The Health and Safety Executive (HSE) investigated the fire and established that there were failures of supervision, monitoring and auditing over time, including in relation to the conducting, validating and approval of risk assessments. Another major issue was that unnecessary hazardous materials were being stored in the manufacturing area, and a number of explosive processes were taking place at the same time.

After sentencing HSE inspector Dave Norman said:

"The fire could have caused multiple casualties and it was entirely preventable had better control systems been in place.

"The failure to instigate such controls was dependent on AWE identifying potential hazards and risks, all of which were well documented, but that simply did not happen.

"The building and equipment within it did not comply with the-then current standards required for storing and handling explosives, which are potentially sensitive to static electricity, nor for storing and handling extremely flammable liquids.

"This collection of shortcomings demonstrates that there "Companies working with hazardous substances must take extreme care at all times and in all aspects of their operations."

This is the latest in a series of major safety incidents at AWE’s sites at Aldermaston and Burghfield. The work at AWE covers the entire life cycle of nuclear warheads; from initial concept, assessment and design, through to component manufacture and assembly, in-service support, and finally decommissioning and disposal. The company is managed for the Ministry of Defence (MOD) through a contractor-operated arrangement.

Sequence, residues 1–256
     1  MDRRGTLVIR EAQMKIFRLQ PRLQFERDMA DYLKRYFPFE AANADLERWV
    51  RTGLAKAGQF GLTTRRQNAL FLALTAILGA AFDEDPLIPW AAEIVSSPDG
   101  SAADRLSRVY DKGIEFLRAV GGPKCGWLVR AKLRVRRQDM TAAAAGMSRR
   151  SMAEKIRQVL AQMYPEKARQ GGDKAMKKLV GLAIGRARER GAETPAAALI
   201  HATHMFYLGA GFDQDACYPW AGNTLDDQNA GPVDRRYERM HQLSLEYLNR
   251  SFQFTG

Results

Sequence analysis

The Nuclear Information Service reports that documents released under the Freedom of Information Act reveal that the closure last year of the A45 uranium components facility at Aldermaston due to corrosion was classified as a major incident.

The A45 facility, one of the largest nuclear production facilities at the site carrying out higher risk operations with radioactive materials, is currently working on a production programme for highly enriched uranium fuel for the Royal Navy's Astute class submarines.

In October 2012 AWE reported to the Office for Nuclear Regulation (ONR) that a number of columns in the building had been categorised as being in either “poor” or “bad” condition, and that fissile operations in the affected area had been suspended. The significance of the incident was described as “major” by AWE staff and the incident was rated as a scale 2 incident on the IAEA International Nuclear and Radiological Event Scale (INES) because of its impact on nuclear 'defence in depth' safety arrangements.